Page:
December 2, 2022

News

News Network

Security of Radioactive Materials

1 min read
<div>What GAO Found The risks of a dirty bomb attack are increasing and the consequences could be devastating. GAO reported in 2019 that a dirty bomb using radioactive materials could trigger mass evacuations and have socioeconomic costs of billions of dollars. For example, an accident at a hospital in 2019 involving a small quantity of radioactive materials resulted in clean-up and other costs of $150 million for that building alone. Many GAO recommendations to reduce the risks of these materials have not yet been implemented. Why GAO Did This Study Numerous incidents indicate weaknesses in controls over radioactive materials that could be used in a dirty bomb. Vulnerabilities arise because NRC's security requirements do not take into account the most devastating potential effects, including billions of dollars in cleanup costs, and deaths and injuries from chaotic evacuations. In addition, weaknesses in licensing make it relatively easy for bad actors to obtain small quantities of high-risk radioactive materials, which could be dangerous in the wrong hands. Given the risks associated with these materials, which are in widespread use, it may be time to consider greater reliance on alternatives, when feasible. Previously, GAO has recommended that Congress consider this matter. For more information, contact Allison Bawden at (202) 512-3841 or bawdena@gao.gov.</div>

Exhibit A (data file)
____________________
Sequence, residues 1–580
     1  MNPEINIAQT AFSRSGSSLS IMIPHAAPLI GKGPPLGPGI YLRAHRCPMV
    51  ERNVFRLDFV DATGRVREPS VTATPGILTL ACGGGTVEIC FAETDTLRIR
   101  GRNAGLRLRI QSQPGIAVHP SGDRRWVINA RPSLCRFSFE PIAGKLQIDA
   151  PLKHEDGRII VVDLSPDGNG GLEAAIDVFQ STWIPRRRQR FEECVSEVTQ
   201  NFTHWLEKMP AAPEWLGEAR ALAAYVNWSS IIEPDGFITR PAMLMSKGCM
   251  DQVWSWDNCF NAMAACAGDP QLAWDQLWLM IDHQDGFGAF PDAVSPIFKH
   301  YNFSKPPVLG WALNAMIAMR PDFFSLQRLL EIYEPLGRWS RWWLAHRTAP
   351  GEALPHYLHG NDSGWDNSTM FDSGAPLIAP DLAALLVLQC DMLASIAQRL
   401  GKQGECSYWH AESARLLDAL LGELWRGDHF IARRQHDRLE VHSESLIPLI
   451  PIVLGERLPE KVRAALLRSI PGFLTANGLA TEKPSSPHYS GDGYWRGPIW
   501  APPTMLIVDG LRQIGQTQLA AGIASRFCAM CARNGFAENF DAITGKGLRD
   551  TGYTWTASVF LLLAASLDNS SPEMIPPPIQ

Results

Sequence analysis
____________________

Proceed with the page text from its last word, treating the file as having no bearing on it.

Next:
What GAO Found

The risks of a dirty bomb attack are increasing and the consequences could be devastating. GAO reported in 2019 that a dirty bomb using radioactive materials could trigger mass evacuations and have socioeconomic costs of billions of dollars. For example, an accident at a hospital in 2019 involving a small quantity of radioactive materials resulted in clean-up and other costs of $150 million for that building alone. Many GAO recommendations to reduce the risks of these materials have not yet been implemented.

Why GAO Did This Study

Numerous incidents indicate weaknesses in controls over radioactive materials that could be used in a dirty bomb. Vulnerabilities arise because NRC’s security requirements do not take into account the most devastating potential effects, including billions of dollars in cleanup costs, and deaths and injuries from chaotic evacuations. In addition, weaknesses in licensing make it relatively easy for bad actors to obtain small quantities of high-risk radioactive materials, which could be dangerous in the wrong hands. Given the risks associated with these materials, which are in widespread use, it may be time to consider greater reliance on alternatives, when feasible. Previously, GAO has recommended that Congress consider this matter.

For more information, contact Allison Bawden at (202) 512-3841 or bawdena@gao.gov.

More from:

Hits: 0

Crime ACN News Network

Network News © 2005 Area.Control.Network™ All rights reserved.
All Rights Reserved © ACN 2020

ACN Privacy Policies
ACN TOS
Area Control Network (ACN)
Area Control Network
Area Control Network Center